The initial discussions began in early 2019 and the system was taken live at the end of last year, according to Munzi Ali, CoreRFID’s technical director. The solution consists of CoreRFID’s 13.56 MHz I-Code tags, which comply with the ISO 15693 standard. SpanSet provides its customers or its own inspectors with CoreRFID HF RFID readers that are paired with tablets via Bluetooth. The system can employ HF RFID desktop readers with a USB connection in offices or storage locations.

The CheckedOK software manages the collected data for the IDXpert NET service. Users first purchase equipment from SpanSet that comes with built-in RFID tags, and they can retrofit existing equipment by adding RFID labels to those assets. The unique ID number encoded on each tag is read via a handheld or desktop reader, and the information is captured and stored in the cloud-based software, along with details regarding the tagged products.

An inspector visits a remote site equipped with an HF RFID wand reader with a Bluetooth connection to his or her Android-based tablet, then reads the tag ID of every item being inspected. The IDs are captured and forwarded to the tablet, which accesses data in the cloud-based software. The inspector then views identifying information about each item, along with its history and certificates. If he or she conducts an inspection or provides maintenance, those details can be updated in the system as well, and they can attach pictures and create instructions or data sheets about the equipment.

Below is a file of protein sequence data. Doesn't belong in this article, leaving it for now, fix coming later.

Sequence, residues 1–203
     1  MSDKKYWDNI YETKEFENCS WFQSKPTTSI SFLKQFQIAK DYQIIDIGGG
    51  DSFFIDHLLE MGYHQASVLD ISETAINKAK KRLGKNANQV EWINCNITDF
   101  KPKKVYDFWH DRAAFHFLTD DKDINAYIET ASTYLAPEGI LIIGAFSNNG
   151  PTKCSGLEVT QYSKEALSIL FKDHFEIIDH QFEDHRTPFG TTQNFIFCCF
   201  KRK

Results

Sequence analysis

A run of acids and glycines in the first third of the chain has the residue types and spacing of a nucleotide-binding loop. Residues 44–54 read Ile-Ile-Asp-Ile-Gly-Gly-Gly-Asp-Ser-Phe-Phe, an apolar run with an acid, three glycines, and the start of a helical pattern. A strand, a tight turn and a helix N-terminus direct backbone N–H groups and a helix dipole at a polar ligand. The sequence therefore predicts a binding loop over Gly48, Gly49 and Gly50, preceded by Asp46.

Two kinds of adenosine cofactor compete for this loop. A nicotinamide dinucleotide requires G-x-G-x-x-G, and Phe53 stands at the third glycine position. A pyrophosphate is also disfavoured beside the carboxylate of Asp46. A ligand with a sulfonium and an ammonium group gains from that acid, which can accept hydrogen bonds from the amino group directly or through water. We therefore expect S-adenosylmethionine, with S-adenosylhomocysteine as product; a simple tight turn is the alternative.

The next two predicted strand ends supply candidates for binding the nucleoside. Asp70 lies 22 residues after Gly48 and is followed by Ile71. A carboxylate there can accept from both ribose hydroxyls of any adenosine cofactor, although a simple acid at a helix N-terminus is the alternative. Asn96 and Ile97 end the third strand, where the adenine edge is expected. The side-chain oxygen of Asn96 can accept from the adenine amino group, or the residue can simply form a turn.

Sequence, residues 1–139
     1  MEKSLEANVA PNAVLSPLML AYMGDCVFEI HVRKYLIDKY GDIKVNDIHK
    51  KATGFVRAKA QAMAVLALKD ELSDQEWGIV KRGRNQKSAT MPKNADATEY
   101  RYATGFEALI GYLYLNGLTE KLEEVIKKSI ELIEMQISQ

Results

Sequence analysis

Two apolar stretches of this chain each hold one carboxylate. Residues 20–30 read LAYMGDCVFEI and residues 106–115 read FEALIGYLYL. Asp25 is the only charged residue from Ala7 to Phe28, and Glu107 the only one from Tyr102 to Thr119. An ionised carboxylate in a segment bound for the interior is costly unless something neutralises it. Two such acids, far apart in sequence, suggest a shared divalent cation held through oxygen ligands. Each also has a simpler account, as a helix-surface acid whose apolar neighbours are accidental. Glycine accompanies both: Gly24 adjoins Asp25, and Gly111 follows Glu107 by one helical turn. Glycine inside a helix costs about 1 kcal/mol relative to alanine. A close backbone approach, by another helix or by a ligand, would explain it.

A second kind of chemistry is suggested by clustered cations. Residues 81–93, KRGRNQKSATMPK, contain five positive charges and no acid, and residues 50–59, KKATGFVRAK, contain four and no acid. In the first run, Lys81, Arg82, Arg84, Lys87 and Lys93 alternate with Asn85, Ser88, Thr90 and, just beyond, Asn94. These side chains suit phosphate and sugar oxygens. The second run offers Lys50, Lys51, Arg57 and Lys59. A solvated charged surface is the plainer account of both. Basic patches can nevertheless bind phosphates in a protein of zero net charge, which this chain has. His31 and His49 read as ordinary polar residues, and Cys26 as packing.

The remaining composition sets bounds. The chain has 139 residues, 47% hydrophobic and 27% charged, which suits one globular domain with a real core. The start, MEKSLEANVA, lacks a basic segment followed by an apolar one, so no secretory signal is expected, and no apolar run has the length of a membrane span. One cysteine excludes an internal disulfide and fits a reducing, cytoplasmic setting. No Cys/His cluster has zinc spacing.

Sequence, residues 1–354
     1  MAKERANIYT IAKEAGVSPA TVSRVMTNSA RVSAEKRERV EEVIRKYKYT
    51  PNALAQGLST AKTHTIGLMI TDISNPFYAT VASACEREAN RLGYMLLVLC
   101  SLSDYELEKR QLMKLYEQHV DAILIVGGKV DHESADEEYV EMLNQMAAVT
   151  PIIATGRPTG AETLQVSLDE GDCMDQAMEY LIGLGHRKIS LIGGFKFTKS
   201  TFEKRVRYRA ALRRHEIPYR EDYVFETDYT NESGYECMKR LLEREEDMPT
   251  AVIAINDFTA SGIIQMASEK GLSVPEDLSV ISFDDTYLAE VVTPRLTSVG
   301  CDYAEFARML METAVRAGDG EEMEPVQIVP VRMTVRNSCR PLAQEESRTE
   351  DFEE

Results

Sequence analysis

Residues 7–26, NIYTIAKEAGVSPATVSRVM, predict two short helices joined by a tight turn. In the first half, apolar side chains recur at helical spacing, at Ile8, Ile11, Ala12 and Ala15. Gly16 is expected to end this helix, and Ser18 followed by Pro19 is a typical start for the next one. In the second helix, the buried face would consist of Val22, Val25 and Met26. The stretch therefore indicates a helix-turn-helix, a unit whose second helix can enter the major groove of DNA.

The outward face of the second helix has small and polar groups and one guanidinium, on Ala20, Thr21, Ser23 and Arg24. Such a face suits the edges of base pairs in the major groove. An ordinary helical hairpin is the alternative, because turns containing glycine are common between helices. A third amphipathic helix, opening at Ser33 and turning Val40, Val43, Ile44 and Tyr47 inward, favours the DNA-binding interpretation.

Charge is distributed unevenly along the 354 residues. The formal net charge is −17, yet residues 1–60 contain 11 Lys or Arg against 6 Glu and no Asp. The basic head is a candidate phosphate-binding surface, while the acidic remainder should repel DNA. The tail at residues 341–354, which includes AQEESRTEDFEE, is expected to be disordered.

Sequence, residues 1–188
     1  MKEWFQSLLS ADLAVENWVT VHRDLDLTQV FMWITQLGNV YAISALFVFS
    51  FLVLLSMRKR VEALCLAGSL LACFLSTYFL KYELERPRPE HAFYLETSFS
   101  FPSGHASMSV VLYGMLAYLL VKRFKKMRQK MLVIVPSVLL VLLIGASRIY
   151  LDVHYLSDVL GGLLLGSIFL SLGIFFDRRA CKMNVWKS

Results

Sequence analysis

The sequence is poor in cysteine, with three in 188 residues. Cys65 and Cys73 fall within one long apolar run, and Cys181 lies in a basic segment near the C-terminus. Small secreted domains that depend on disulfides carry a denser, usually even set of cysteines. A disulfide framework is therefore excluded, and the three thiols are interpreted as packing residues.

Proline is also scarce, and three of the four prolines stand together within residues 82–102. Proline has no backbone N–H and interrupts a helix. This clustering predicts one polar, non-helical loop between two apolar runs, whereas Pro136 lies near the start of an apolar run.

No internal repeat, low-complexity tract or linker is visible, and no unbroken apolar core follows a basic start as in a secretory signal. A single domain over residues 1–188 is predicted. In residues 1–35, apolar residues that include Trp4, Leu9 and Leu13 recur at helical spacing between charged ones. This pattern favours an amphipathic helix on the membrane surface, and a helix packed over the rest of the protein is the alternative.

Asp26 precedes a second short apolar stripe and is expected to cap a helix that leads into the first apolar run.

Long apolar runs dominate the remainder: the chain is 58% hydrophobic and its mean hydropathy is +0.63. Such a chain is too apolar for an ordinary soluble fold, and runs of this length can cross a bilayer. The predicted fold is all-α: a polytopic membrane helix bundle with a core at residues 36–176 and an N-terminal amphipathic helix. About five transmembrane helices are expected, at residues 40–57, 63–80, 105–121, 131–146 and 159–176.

If the equipment passes inspection, an automatic certificate can be generated, which the customer (a construction company manager, for instance) can access and store, or print for the company’s records. In the event that government inspectors require certificates, they can be easily accessed for each item. That information can be shared with auditors, management or other parties. The technology can also be used for asset management, by enabling operators to scan the tags of multiple goods stored at a worksite and thereby capture an inventory count in considerably less time than would be required for manual counting.

For retrofits, the company sells tags to its customers that are intended for a variety of form-factor devices, including for metal and non-metal items. Most tags are self-adhesive and are intended to sustain an outdoor environment, including those containing temperatures ranging from -25 to +85 degrees Celsius (-13 to +185 degrees Fahrenheit).

The technology can be used not only for inspections, the company reports, but also for hazardous materials management, general inventory tracking or controlling accident hazards. At SpanSet Australia, Pritchett says, the RFID system will initially be used solely for inspections, though other uses cases will be added over time. “We want to take the software as far as possible to enhance our business,” he states.